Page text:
Stunned Rays can only hope to put brutal loss behind them

BOSTON -- So how do you put THAT behind you?

How do you overcome blowing a seven-run lead when you're just seven outs from going to the World Series? How do you stuff a monumental, historic collapse -- A SEVEN-RUN LEAD WITH SEVEN OUTS TO GO! -- into the hall closet of your mind so you can come back the next game and win (instead of losing to become the supporting cast in another team's postseason highlight video)?

How do you watch delirious fans dance in the crowded streets as your team bus crawls away from the ballpark and put it all behind you so that you don't become another chapter of another team's legend?

How do you respond so that you can laugh about it all amid a champagne shower in a couple of days rather than spend a long winter -- if not the rest of your career -- dwelling on what might have been?

How do you make your stories about this game begin with "One time? In the postseason?" rather than with a nervous twitch, followed by a hollow feeling in the gut?

How do you forget about blowing the biggest postseason lead anyone ever has had when on the verge of clinching the pennant?

Well, if you're Tampa Bay designated hitter Cliff Floyd, you go home, wake up with your children, turn on the TV and tune to Nickelodeon. And then you lose yourself in "Dora the Explorer" and whatever else is on the network, including "that little guy in the water."

SpongeBob SquarePants?

"Yeah," Floyd said after the Rays' inexplicable 8-7 loss to the Red Sox in Game 5 of the ALCS. "That's how you eliminate all this stuff in your mind. You can't go home and turn on the news and see why we made history. We lost. I don't know what the hell will be on ['SpongeBob'] but I hope it doesn't have anything to do with this game. I just want to go home and relax. … They won [Thursday night]. So tip your hat. As much as you want to throw up, freak out and go crazy, it happened."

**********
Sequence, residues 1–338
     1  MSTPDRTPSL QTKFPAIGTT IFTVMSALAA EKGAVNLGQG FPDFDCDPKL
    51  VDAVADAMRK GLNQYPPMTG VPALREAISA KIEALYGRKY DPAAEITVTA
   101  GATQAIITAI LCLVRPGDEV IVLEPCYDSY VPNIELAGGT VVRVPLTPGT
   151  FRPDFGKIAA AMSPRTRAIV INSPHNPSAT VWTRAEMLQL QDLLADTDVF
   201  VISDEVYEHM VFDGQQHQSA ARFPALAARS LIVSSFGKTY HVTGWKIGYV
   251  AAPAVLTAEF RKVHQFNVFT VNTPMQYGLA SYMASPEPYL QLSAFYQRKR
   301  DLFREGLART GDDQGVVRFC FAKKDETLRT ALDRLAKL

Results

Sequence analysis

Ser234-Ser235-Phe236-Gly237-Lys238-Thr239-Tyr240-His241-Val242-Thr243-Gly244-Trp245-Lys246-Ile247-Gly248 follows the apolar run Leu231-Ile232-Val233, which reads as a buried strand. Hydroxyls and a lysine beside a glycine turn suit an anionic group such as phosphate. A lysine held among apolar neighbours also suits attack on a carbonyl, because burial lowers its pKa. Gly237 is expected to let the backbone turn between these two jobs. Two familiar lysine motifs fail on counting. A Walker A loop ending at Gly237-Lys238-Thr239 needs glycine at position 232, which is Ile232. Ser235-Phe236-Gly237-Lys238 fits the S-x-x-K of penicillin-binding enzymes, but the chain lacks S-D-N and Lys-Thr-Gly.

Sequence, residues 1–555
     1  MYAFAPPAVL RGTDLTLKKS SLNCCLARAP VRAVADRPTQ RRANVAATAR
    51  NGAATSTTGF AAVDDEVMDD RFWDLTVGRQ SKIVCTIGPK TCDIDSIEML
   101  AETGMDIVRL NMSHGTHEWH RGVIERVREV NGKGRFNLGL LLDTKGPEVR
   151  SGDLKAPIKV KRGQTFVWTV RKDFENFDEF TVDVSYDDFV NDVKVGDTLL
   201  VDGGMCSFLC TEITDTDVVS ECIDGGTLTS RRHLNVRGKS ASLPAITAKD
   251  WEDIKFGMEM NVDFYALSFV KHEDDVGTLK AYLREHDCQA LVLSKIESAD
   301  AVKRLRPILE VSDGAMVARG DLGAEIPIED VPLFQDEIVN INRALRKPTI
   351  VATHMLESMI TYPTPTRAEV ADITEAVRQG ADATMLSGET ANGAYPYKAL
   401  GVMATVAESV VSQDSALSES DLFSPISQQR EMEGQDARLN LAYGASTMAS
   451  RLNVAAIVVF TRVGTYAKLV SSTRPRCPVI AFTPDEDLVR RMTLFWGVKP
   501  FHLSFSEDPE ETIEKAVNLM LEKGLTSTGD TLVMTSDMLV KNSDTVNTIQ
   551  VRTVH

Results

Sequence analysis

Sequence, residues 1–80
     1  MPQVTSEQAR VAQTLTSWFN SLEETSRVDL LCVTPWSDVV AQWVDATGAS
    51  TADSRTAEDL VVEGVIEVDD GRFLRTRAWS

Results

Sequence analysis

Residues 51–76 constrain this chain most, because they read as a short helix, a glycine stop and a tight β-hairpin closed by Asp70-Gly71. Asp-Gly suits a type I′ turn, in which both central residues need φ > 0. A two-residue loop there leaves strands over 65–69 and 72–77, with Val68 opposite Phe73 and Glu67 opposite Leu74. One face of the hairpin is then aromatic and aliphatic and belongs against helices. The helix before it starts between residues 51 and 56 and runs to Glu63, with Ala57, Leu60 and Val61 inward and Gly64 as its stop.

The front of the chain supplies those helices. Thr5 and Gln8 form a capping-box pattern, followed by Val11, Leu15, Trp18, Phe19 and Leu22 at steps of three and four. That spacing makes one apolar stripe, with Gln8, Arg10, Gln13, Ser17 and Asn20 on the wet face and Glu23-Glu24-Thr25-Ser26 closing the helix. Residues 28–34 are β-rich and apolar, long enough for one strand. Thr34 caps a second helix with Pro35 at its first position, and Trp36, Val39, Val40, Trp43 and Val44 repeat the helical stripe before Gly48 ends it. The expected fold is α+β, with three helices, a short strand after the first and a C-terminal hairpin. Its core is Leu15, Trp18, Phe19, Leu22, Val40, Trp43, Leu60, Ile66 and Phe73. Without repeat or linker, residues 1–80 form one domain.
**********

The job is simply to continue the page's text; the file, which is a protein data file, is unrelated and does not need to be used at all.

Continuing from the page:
Yes, it happened. Even if it still doesn't seem possible.

After nine last-place finishes in 10 seasons and a 96-loss, cellar finish last year, the Tampa Bay Rays, the official doormats of baseball, hit three home runs off Boston starter Daisuke Matsuzaka in the first three innings, knocked him from the game in the fifth and led 7-0 lead with two outs in the seventh inning of Game 5. The Rays needed just seven more outs to complete an astounding run from last place to the World Series in a single year.

And then, all of a sudden, the bullpen imploded, everything unraveled and the champagne was packed away. The Red Sox improbably -- impossibly -- scored eight runs in the last three innings and the entire series turned completely around. Only one team had ever blown a bigger lead in a postseason game -- the Athletics rallied from an eight-run deficit in the 1929 World Series against (who else?) the Cubs. But that wasn't with the series on the line.


"[We outplayed them] for six innings, but we play nine," said Tampa Bay reliever J.P. Howell, who allowed J.D. Drew's game-winning hit in the ninth. "We've got to keep on stride and throw this one out the window. They checked us. They showed us why they're here."

The funny thing is, the question before the game was whether Tampa Bay manager Joe Maddon made the right call by switching his rotation and starting Scott Kazmir ahead of James Shields. Kazmir wound up pitching six scoreless innings, but when a well-rested bullpen squandered the lead, the question suddenly was why Maddon did not use his left-handed relievers against Boston's left-handed sluggers.

"Ironic, isn't it?" Maddon said.

Well, that's one way of putting it. Although talk-show hosts and fans may use different terms.

The big blow in the comeback, the blast that Maddon said "took the Red Sox right off the deck," was David Ortiz's three-run homer off right-hander Grant Balfour with two outs in the seventh inning. Maddon, however, said he did not consider bringing in a left-hander to face Ortiz. Big Papi has really struggled this series and Maddon said he felt good about the matchup.